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Overseas Trade Influence

Good Essays
How did overseas travel and trade influence taste and design in the eighteenth century? Refer to specific movements in your response.

The 18th century is known today as the ‘European age of Enlightenment’ due to Europe’s change in political values, scientific advances and philosophical views. The 18th century was a time that was very much influenced by class and wealth. Social classes were clearly recognizable due to the taste in which one had. This had an effect on art and music as it had to adapt to societies new fondness for overseas trends. The 18th century is said to be the time in which Britain found itself amongst the rest of Europe as artists created their own unique way of working with influences from their journeys around Europe.
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The style was highly decorative and tended to use light pastel colours. The designs were typically asymmetrical and featured a lot of gold. The word is known as a combination of the French for ‘stone’ and ‘shell’. Rococo art consisted of elaborate and over the top designs that took a more humorous and light-hearted approach to the arts in comparison to other movements at the time. Rococo was designed to cover an entire room; meaning that all the ornaments and furniture blended together to create a luxurious environment. Rococo is believed to be a product Influenced by interior design when it was actually inspired by Baroque architecture in Europe at the time. Many architects were asked by Bishops and Princes to design and build churches of great heights in the Rococo style. It was by the end of Louis XV’s reign that Bolder and richer styles were giving way to the lighter and softer Rococo designs. The style really started to gain interest in France in the 1730’s when the trend was picked up by painters and sculptures, which is seen in the work of French painters such as Antoine Watteau and François Boucher. It was by this point an art form loved by many and even became known as the ‘’French Taste’’ in Britain. The trend came to Britain more so through interiors and silverwork. Thomas Chippendale was famous for creating wooden furniture that merged this newly found love for Rococo with his already existing eye for design. Many said that…show more content…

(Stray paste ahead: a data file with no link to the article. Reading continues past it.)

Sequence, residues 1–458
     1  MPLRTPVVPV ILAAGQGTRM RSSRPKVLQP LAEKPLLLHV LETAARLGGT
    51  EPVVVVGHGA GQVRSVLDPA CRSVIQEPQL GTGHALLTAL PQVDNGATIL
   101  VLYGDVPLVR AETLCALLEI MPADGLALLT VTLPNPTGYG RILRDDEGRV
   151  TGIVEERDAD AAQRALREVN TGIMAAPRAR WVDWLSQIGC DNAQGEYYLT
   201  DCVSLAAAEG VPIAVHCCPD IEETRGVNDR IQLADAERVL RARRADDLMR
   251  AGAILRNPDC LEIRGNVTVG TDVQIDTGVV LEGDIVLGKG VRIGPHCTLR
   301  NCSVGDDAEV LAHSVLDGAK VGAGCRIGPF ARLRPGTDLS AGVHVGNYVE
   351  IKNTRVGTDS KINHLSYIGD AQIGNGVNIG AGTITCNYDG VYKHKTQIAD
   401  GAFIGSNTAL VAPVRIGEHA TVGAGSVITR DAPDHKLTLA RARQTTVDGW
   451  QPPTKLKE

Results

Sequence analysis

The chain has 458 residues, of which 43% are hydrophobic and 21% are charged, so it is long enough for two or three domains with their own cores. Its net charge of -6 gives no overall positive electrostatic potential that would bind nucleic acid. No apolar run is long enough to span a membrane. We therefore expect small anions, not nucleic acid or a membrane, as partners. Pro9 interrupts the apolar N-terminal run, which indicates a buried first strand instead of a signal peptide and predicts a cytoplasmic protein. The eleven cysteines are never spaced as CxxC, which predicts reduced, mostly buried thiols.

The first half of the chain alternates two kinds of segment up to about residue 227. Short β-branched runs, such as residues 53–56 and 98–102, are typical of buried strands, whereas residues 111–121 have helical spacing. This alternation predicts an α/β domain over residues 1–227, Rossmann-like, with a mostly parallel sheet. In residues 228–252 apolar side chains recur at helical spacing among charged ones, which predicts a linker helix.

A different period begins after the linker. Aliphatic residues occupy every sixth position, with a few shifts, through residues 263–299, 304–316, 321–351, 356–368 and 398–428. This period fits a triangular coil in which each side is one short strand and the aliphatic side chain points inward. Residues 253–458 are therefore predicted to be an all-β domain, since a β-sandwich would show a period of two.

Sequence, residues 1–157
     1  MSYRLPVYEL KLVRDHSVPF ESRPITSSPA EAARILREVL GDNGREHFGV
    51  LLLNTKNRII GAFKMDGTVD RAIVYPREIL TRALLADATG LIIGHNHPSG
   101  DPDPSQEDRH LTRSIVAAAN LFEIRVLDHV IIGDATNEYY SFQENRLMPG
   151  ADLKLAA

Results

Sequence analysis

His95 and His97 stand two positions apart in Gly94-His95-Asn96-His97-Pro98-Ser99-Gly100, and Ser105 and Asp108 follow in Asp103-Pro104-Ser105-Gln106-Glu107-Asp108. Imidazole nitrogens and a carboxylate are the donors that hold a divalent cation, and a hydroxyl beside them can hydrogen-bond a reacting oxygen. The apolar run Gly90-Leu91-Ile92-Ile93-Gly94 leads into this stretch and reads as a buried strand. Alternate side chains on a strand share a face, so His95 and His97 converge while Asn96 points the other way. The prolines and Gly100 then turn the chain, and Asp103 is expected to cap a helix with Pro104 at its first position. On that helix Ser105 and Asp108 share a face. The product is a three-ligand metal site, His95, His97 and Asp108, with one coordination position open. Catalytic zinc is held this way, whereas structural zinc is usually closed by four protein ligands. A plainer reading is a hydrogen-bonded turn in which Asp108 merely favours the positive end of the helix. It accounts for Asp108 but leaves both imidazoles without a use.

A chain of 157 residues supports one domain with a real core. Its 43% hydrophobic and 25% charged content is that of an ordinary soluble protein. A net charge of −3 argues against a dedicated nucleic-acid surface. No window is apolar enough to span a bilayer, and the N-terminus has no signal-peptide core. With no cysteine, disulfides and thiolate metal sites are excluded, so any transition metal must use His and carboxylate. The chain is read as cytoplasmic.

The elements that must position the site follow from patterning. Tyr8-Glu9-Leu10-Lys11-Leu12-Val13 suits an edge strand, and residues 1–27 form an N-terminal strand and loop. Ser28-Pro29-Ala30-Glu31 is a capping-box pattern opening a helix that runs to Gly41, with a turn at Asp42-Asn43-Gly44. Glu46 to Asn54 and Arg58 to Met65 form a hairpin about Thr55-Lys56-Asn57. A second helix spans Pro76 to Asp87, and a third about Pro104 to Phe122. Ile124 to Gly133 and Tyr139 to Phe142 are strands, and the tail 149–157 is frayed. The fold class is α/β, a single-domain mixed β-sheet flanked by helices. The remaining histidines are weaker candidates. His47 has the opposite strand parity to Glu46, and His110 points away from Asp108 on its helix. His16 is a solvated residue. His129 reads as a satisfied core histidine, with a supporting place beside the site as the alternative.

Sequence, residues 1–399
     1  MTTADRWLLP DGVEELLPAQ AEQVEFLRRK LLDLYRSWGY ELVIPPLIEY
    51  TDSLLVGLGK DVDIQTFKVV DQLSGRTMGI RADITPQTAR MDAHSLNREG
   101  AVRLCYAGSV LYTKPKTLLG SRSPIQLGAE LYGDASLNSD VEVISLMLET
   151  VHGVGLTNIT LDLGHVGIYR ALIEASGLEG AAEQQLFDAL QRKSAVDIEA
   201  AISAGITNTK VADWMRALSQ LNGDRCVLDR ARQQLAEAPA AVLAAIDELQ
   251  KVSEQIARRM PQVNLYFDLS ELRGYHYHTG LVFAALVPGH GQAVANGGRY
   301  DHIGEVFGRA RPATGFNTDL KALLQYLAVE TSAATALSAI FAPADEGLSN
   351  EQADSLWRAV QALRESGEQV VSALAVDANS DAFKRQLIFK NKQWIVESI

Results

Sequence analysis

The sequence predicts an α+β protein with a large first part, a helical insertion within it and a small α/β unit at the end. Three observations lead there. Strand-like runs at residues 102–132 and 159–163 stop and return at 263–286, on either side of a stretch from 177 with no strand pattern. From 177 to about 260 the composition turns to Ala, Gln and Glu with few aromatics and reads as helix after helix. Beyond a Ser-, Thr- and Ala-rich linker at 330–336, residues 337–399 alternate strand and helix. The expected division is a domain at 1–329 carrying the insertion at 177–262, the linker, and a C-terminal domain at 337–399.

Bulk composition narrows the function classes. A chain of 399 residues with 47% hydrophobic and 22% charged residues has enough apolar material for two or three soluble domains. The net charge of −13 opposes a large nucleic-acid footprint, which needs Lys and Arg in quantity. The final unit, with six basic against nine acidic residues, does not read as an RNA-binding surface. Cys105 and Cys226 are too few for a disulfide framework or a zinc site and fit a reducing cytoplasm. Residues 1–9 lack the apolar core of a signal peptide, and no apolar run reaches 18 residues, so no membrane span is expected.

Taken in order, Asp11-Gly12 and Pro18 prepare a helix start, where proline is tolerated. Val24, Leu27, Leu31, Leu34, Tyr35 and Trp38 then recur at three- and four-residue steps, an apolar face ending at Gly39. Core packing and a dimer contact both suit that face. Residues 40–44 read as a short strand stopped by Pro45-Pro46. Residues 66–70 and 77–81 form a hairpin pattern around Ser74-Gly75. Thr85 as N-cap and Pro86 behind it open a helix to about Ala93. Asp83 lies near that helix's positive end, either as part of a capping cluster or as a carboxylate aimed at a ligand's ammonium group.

This Movement was inspired by the classical arts of Rome and Greece. In the mid 18th-centurty it had spread throughout Europe and had surpassed the well-known trends at the time. Moving on from the lavish and in some ways over the top designs that were prominent in early 18th century, Neoclassical arts were said to be a far more logical and tasteful approach to art. This meant that the uncontrolled need for colours and lavish designs was dying out and people were starting to adapt to a mature and simplistic taste. Greek artifacts were the main inspiration at the time for Neoclassicism and it quickly became the new architectural styles used by governments due to clear link to Roman and Greek democratic society’s. This is clearly portrayed in iconic structures such as The White House which was built in the late 1700’s and Arc De Triomphe in Paris. Neoclassicism was first brought to England by wealthy young students who had studied abroad in Rome. Breaking away from more emotional themes, Neoclassical art is said to be un-emotional and cold when in actual fact numerous paintings depicted a person full of courage and sacrifice. Artists who followed this movement aimed for symmetry and proportion. Composition and accurate detail was an important detail for artists when working this way. Mythological scenes were still produced however they had realistic, contemporary theme to them. Archeology
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